The UCI Donald Bren School of Information and Computer Science MDS curriculum is designed to provide you with a strong foundation in modern data science. The MDS program differentiates itself by offering a dual-framework in Statistical and Computational methods to advance the knowledge base in the areas of Analytics and Modeling, Data Engineering, Deep Neural Networks, Machine Learning and Artificial Intelligence. Taught by pioneering faculty and researchers in the field of data science, students will be part of the only computational focused schools in the UC system and gain valuable hands-on experience through our industry partnered Capstone Project.

The 15-month MDS program consists of 12 courses – nine required core courses and three electives – for a minimum of 48 units.

A key component to the program is the capstone project where you engage with our industry partners to develop models to mine insights. Under the supervision of faculty and industry professionals, the capstone project provides you with the preparation in project design, development, professional writing and oral presentation to be a leader in the field.


Industry is learning quickly that people can scrape and analyze data, but to do something truly meaningful with data - to make decisions that will drive the industry forward you need the foundations of data science and understanding the statistics and computing methods.

Dan Gillen, Ph.D.
Chair of Department of Statistics

Program Structure & Course Descriptions

Program Structure - Academic Year 2021-2022

STATS 200AP: Intermediate Probability and Statistical Theory I

COMPSCI 260P: Fundamentals of Algorithms with Applications

COMPSCI 273P: Machine Learning and Data Mining

STATS 200BP: Intermediate Probability and Statistical Theory II

STATS 210P: Statistical Methods I (Regression modeling strategies)

COMPSCI 220P: Databases and Data Management

STATS 211P: Statistical Methods II (Modeling and Data Visualization)

COMPSCI 271P: Introduction to Artificial Intelligence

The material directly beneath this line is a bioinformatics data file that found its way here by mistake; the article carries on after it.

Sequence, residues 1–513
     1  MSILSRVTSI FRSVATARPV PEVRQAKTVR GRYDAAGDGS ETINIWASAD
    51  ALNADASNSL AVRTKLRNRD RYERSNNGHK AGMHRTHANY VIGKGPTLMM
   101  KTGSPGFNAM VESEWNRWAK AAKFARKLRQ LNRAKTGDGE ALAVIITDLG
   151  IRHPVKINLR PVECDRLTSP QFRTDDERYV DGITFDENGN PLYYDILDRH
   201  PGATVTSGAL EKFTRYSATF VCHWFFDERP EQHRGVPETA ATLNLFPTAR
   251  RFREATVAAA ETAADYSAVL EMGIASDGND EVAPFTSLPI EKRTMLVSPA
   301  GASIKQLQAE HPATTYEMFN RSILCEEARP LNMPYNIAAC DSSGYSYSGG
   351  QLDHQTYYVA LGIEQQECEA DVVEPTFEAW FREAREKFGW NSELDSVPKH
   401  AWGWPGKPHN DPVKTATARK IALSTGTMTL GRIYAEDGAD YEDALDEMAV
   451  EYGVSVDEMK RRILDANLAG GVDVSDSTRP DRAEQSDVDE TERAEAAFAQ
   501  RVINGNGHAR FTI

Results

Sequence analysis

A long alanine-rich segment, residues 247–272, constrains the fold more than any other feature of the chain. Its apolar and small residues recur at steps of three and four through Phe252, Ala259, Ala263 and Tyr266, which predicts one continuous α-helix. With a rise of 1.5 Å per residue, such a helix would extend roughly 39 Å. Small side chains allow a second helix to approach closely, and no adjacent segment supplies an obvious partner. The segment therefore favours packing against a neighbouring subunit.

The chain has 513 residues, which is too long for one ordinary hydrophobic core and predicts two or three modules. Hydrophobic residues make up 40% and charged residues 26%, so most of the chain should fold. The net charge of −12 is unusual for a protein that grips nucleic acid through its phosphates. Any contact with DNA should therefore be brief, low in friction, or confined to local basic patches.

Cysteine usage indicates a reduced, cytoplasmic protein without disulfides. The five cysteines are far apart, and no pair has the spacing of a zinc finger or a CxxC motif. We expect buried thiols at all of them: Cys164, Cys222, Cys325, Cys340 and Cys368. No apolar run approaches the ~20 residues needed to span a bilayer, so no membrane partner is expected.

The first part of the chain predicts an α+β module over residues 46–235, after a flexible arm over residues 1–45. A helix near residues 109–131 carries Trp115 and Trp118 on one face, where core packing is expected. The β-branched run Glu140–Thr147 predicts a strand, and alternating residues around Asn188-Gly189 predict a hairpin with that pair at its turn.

COMPSCI 274P: Neural Networks and Deep Learning



DS 296P: Capstone I – Professional Writing and Communication for Data Science Careers

DS 297P: Capstone II – Design Project for Data Science

Course Descriptions

COMPSCI 220P: Databases and Data Management

Introduction to the design of databases and the use of database management systems (DBMS) for managing and utilizing data. Topics include entity-relationship modeling for design, relational data model, relational algebra, relational schema design, and use of SQL (Structured Query Language). The course will also touch on topics such as data wrangling and dataframes for data analysis and new technologies for semi-structured and/or scalable data analysis.

COMPSCI 260P: Fundamentals of Algorithms with Applications

Covers fundamental concepts in the design and analysis of algorithms and is geared toward practical application and implementation. Topics include: greedy algorithms, deterministic and randomized graph algorithms, models of network flow, fundamental algorithmic techniques and NP-completeness.

COMPSCI 273P: Machine Learning & Data Mining

Introduction to principles of machine learning and data-mining. Learning algorithms for classifications, regression, and clustering. Emphasis is on discriminative classification methods such as decision trees, rules, nearest neighbor, linear models, and naive Bayes.

STATS 200AP: Intermediate Probability and Statistical Theory I

Fundamental probability and distribution theory needed for statistical inference. Topics include axiomatic foundations of probability theory, discrete and continuous distributions, expectation and moment generating functions, multivariate distributions, transformations, sampling distributions, and limit theorems.

STATS 200BP: Intermediate Probability and Statistical Theory II

Fundamental theory and methods for making statistical inference. Topics include principles of data reduction (sufficient, ancillary, and complete statistics), methods of finding point estimators (method of moments, maximum likelihood estimators, Bayes estimators), methods of evaluating estimators (mean squared error, best unbiased estimators, asymptotic evaluations), hypothesis testing, and confidence intervals.

STATS 210P: Statistical Methods I

Statistical methods for analyzing data from multi-variable observational studies and experiments.  Topics include model selection and model diagnostics for simple and multiple linear regression and generalized linear models.

STATS 211P: Statistical Methods II

Statistical methods for designing experiments, visualizing, and analyzing experimental and observational data using generalized regression models, multivariate analysis, and methods suitable for dependent data.

 DS 296P: Capstone I: Professional Writing and Communication for Data Science Careers

Written and oral communication for data science careers.  Production of a detailed document describing the design, methods, analytic strategy, interpretation, and conclusions as related to the concurrent capstone design and analysis class and refinement of written documents and oral communications skills needed for a successful job search.  Co-requisite: DS 297P.

DS 297P: Capstone II: Design Project for Data Science

Complete implementation of a data science analytic strategy for obtaining empirically-driven solutions to problems from science and industry.  Focuses on the problem definition and analysis, data representation, algorithm selection, solution validation, and presentation of results.  Co-requisite: DS 296P.